It has come to this: The GOP, formerly the party of Lincoln and ostensibly the party of liberty and limited government, is being defined by clamors for a mass roundup and deportation of millions of human beings. To will an end is to will the means for the end, so the Republican clamors are also for the requisite expansion of government's size and coercive powers.
Most of Donald Trump's normally loquacious rivals are swaggeringly eager to confront Vladimir Putin, but are too invertebrate —Lindsey Graham is an honorable exception — to voice robust disgust with Trump and the spirit of, the police measures necessary for, and the cruelties that would accompany, his policy. The policy is: "They've got to go."
"They," the approximately 11.3 million illegal immigrants (down from 12.2 million in 2007), have these attributes: Eighty-eight percent have been here at least five years. Of the 62 percent who have been here at least 10 years, about 45 percent own their own homes. About half have children who were born here and hence are citizens. Dara Lind of Vox reports that at least 4.5 million children who are citizens have at least one parent who is an illegal immigrant.
Trump evidently plans to deport almost 10 percent of California's workers, and 13 percent of that state's K-12 students. He is, however, at his most Republican when he honors family values: He proposes to deport intact families, including children who are citizens. "We have to keep the families together," he says, "but they have to go." Trump would deport everyone, then "have an expedited way of getting them 'the good ones'; 'when somebody is terrific' back." Big Brother government will identify the "good" and "terrific" from among the wretched refuse of other teeming shores.
Trump proposes seizing money that illegal immigrants from Mexico try to send home. This might involve sacrificing mail privacy, but desperate times require desperate measures. He would vastly enlarge the federal government's enforcement apparatus, but he who praises single-payer health care systems and favors vast eminent domain powers has never made a fetish of small government.
Today's big government finds running Amtrak too large a challenge, and Trump's roundup would be about 94 times larger than the wartime internment of 117,000 persons of Japanese descent. But Trump wants America to think big. The big costs, in decades and dollars (hundreds of billions), of Trump's project could be reduced if, say, the targets were required to sew yellow patches on their clothing to advertise their coming expulsion. There is precedent.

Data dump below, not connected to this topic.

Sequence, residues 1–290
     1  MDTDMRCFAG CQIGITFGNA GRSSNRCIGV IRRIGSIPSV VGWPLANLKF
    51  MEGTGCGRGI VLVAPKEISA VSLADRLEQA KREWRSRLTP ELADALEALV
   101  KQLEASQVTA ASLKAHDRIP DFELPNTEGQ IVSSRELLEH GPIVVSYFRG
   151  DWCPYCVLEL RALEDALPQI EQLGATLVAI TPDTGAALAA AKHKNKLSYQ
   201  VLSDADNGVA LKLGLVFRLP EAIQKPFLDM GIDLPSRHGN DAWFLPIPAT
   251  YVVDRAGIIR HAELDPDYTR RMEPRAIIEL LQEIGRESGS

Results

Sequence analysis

Birthright citizenship, established by the 14th Amendment and opposed by Trump and his emulators, accords with America's natural-rights doctrine. Arguably, this policy is unwise. But is this an argument Republicans should foment in the toxic atmosphere Trump has created, an argument that would injure the next Republican nominee even more than Mitt Romney injured himself? Romney, who advocated making illegal immigrants' lives so unpleasant they would "self-deport," might be president if he had received 10 points more than his 27 percent of the Hispanic vote.
About 900,000 Hispanic citizens reach voting age each year. In 2012, less than half of eligible Hispanics voted, but Republicans have figured out how to increase Hispanic turnout.
A substantial majority of Americans — majorities in all states — and, in some polls, a narrow majority of Republicans favor a path for illegal immigrants not just to legal status but to citizenship. Less than 20 percent of Americans favor comprehensive deportation.
This may, however, be changing now that so many supposed Republicans embrace a candidate who, six years into Ronald Reagan's presidency, disparaged Ronald Reagan as someone who tried to "con" the public. Looking on the bright side, perhaps Trump supporters are amiably broadminded in their embrace of a candidate who thinks we cannot presently be proud to be American citizens (he says his presidency will enable us to again be proud).
If, after November 2016, there are autopsies of Republican presidential hopes, political coroners will stress the immigration-related rhetoric of August 2015. And of October 1884.
Then, the Republican presidential nominee, former Sen. James G. Blaine, returning home to Maine in the campaign's closing days, attended a New York rally on his behalf, where a prominent Protestant clergyman said Democrats were a party of "rum, Romanism and rebellion." Catholics, many of them immigrants, noticed. Blaine lost New York, and with it the presidency, by 1,200 votes out of more than one million cast.
The columnist's wife, Mari Will, works for Scott Walker.